Nestled along the tranquil shores of the Aegean Sea in western Turkey, Dikili is a hidden gem waiting to be discovered. Blessed with pristine beaches, rugged cliffs, and ancient ruins, this charming coastal town offers visitors a serene retreat amidst breathtaking natural beauty.

Dikili’s history stretches back to antiquity, with evidence of human settlement dating back thousands of years. The town’s strategic location has made it a crossroads of civilizations, from the ancient Greeks and Romans to the Byzantines and Ottomans, leaving behind a rich tapestry of archaeological wonders and historical landmarks.

One of the highlights of Dikili is its stunning coastline, dotted with secluded coves, sandy beaches, and crystal-clear waters. Visitors can unwind on sun-kissed shores, swim in the refreshing sea, or embark on boat tours to explore hidden bays and offshore islands, immersing themselves in the tranquility of the Aegean.

For history enthusiasts, Dikili offers a wealth of ancient ruins and archaeological sites to explore. The nearby ancient city of Atarneus, once home to the Greek philosopher Aristotle, boasts impressive remains, including a well-preserved theater, agora, and city walls, providing a glimpse into the town’s storied past.

Dikili’s vibrant town center is a charming blend of old and new, with traditional Turkish houses mingling with modern amenities. Visitors can wander through bustling markets, sample local delicacies at family-run eateries, and sip çay (Turkish tea) at sidewalk cafes, soaking in the laid-back atmosphere of this coastal town.

Nature lovers will delight in the scenic landscapes surrounding Dikili, with lush olive groves, pine-clad hills, and fragrant citrus orchards stretching as far as the eye can see. The nearby Kaz Mountains offer opportunities for hiking, birdwatching, and exploring pristine wilderness areas, while thermal springs provide a soothing retreat for relaxation and rejuvenation.

Whether basking in the sun on its tranquil beaches, uncovering the secrets of its ancient past, or simply enjoying its natural beauty, Dikili offers visitors a peaceful escape from the hustle and bustle of everyday life, inviting them to discover the hidden treasures of Turkey’s Aegean coast.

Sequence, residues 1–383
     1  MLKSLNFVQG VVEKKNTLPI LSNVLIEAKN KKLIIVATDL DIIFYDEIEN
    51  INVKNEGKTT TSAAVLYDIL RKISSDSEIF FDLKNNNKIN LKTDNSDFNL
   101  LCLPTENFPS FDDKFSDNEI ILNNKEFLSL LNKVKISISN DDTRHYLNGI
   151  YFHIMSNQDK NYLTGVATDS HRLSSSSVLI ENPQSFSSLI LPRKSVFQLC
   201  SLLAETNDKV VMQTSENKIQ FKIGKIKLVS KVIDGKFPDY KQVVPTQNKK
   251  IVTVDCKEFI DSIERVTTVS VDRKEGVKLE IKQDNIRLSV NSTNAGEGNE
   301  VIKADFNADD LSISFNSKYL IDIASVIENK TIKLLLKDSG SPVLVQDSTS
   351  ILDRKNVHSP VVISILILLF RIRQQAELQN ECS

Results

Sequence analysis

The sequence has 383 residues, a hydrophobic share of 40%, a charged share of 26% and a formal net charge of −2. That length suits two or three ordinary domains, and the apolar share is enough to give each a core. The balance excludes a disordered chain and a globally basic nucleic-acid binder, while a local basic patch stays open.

Pergamum Acropolis
Pergamum is a district that is located in Western Anatolia, at North of Izmir. This important cultural center with its rich history hosts archaeological ruins and artifacts that have been protected until today. Bergama is established on a hill. Archaeological data achieved from this hill indicates that history of this city goes back to VII – VI Centuries B.C. However, researches performed on Kaikos valley where ancient city is located, indicates that this region was inhabited since earlier ages. Pergamum name means a citadel and the suffix “amon” indicates that it comes from Luwi language or Western Anatolian languages.

In the IV century BC, there was a treatment center established in the name of Asclepius, the god of health, outside the acropolis of Pergamon. It had the title of the most important treatment center of Western Anatolia with its advanced architectural layout and treatment methods.The remains of the Asclepion belong to the arrangements built by the Roman Emperor Hadrian in the second century AD. Asclepieion shows the characteristic of being a sanctuary in earlier periods than the date of its foundation. But its development starts from the IVth century BC.

Red Basilica
The Temple of Serapis, one of the most magnificent structures of ancient Pergamon alongside the Acropolis and the Asclepion, was built during the reign of the Roman Emperor Hadrian (117-138 AD) and dedicated to the Egyptian God Serapis. Serapis was originally the local god of Sinop, but in a grand ceremony he was taken from Sinop to Alexandria in Egypt and given an Egyptian-Elen character. One of the cylindrical towers on either side of the temple dedicated to Isis and Harpocrates was used as a mosque from the Ottoman period and after being closed for a while, it was reopened to worship under the name Kurtuluş Mosque with the restoration completed in 2018.

Bergama Archeological Museum
The majority of the archaeological artifacts in the exhibition consist of artifacts unearthed during excavations in and around the Acropolis, Asclepion, Kızılavlu (Basilica), Musalla Cemetery and the surrounding area. The chronology used in the exhibition of the artifacts covers a wide time period from the Bronze Age to the Ottoman period. Bowls, jars, vessels, beak-mouthed vessels for daily use or votive purposes constitute the bronze period artifact groups. Local productions of ancient Pergamon, megara bowls, appliquéd ceramics, pergamon sigillata, oil lamps, and Cistophorus coins minted for the first time in Pergamon are other noteworthy artifact groups.